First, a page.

Opponents of the Iran nuclear deal are understandably frustrated. While they urge the U.S. Congress to reject the agreement negotiated by the United States, UK, France, Russia, China, Germany and Iran, and endorsed unanimously by the UN Security Council, they have been unable to identify a plausible alternative that would better serve the national security interests of the United States and our allies and friends. What alternatives, whether feasible or not, have been offered, and how do they compare to endorsing the pact that is currently being considered by Congress?
The alternative most frequently suggested is “a better deal.” But how might that be achieved? The deal now on the table is the result of several years of multilateral negotiations. It is a product of compromise, and differs significantly from the “better deal” that each of the participants would have preferred. The United States cannot unilaterally re-open the negotiations and force further concessions by Iran. Nor can the United States unilaterally impose the sanctions that have been imposed by the European Union and the UN. Those sanctions, which are far more substantial than those imposed by the United States, were intended to bring Iran to the negotiating table and accept meaningful constraints on its nuclear program, and they are to be lifted as the resulting agreement is implemented. There is no realistic path to a “better deal.” Congress must decide between this deal or no deal.
A second alternative, often implied but rarely expressed explicitly, is military strikes on Iran’s nuclear infrastructure and on its capabilities to retaliate against U.S. allies, friends, and forces in the Middle East. Military strikes against multiple targets in Iran could be conducted by the United States acting alone or in concert with Israel. Because a diplomatic solution to dealing with Iran’s nuclear program has been negotiated and endorsed by the UN, there would be no international support for military action. Nor is it conceivable that President Obama would initiate war with Iran simply because Congress rejected the diplomatic solution to the problem. Unless Iran were to sprint toward nuclear weapons in the coming year, the next U.S. president, who will take office on January 20, 2017, would face strong domestic and international resistance to a military strike. And if an attack were to be conducted, it would at best set the Iranian nuclear program back for a couple of years, and it almost surely would stimulate Iran’s efforts to acquire nuclear weapons and to take retaliatory actions against our allies and friends in the region, and perhaps beyond.
A third alternative to Congressional endorsement of the agreement is to have all of the parties other than the United States proceed with its implementation. That outcome, of course, could be selected only by the other parties, not by us. In particular, Iran might well decide that without a U.S. commitment to the deal, there will be no deal. But suppose for the moment that all of the other parties and the UN were to accept the deal despite the absence of U.S. participation. In that case, the deal would go into effect, but the United States would have little influence over implementation and compliance. Under this scenario, the United States would surely be reluctant to launch a military attack against Iran in the face of continuing Iranian compliance with an international agreement that had been negotiated with U.S. participation and had been strongly supported by our president.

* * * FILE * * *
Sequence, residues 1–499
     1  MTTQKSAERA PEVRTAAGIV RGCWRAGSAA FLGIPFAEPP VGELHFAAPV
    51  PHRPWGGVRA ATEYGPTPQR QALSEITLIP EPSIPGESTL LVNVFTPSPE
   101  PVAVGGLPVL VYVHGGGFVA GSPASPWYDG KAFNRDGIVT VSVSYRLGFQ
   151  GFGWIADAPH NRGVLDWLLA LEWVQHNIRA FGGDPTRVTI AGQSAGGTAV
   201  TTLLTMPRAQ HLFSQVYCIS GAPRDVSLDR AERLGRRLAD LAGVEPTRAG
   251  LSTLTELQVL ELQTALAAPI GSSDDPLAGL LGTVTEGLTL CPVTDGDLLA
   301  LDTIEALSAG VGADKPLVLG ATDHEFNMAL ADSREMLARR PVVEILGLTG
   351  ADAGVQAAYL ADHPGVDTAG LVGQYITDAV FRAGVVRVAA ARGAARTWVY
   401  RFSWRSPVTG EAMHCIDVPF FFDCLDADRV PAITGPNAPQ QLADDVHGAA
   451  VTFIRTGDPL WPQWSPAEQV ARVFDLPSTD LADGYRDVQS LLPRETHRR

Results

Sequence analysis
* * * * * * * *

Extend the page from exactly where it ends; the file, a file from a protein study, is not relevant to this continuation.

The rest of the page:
Let’s face it: there is no real alternative that would serve the interests of the United States and our allies and friends as well as the deal that is now before Congress. A “better deal” is unachievable; a military solution is unrealistic (and probably would be counterproductive); and an international agreement without U.S. participation is less attractive than an agreement in which the U.S. has a strong voice in resolving of issues that might arise.
The attention of members of Congress and others engaged in consideration of this agreement should not be focused on the ways in which the deal differs from their own personal concept of a better deal; the fact is that the negotiated agreement is the only deal available. And it would constrain Iran’s nuclear program far, far better than no deal.
Rather, we need to focus on the means by which we can maximize this deal’s contribution to furthering our interests. These include, for example, ensuring adequate resources and capabilities for implementation and verification of compliance; developing plans for dealing with potential Iranian noncompliance; working with our allies to counter any increased Iranian support for terrorism and other malicious activities that might be facilitated by funds made available by the lifting of sanctions; preparing for a world 10-15 years from now in which many of the constraints on Iran’s nuclear program have expired; and preventing proliferation of weapons of mass destruction not only in Iran, but worldwide.
Frustration is not a strategy! This nuclear deal has strong support internationally and promises to defer for a decade or more Iran’s ability to produce a nuclear weapon. U.S. interests will best be served by endorsing the agreement and taking steps to ensure its success.
Albert Carnesale is Chancellor Emeritus of the University of California, Los Angeles, and Chairman of the International Council of Harvard University’s Belfer Center for Science and International Affairs.
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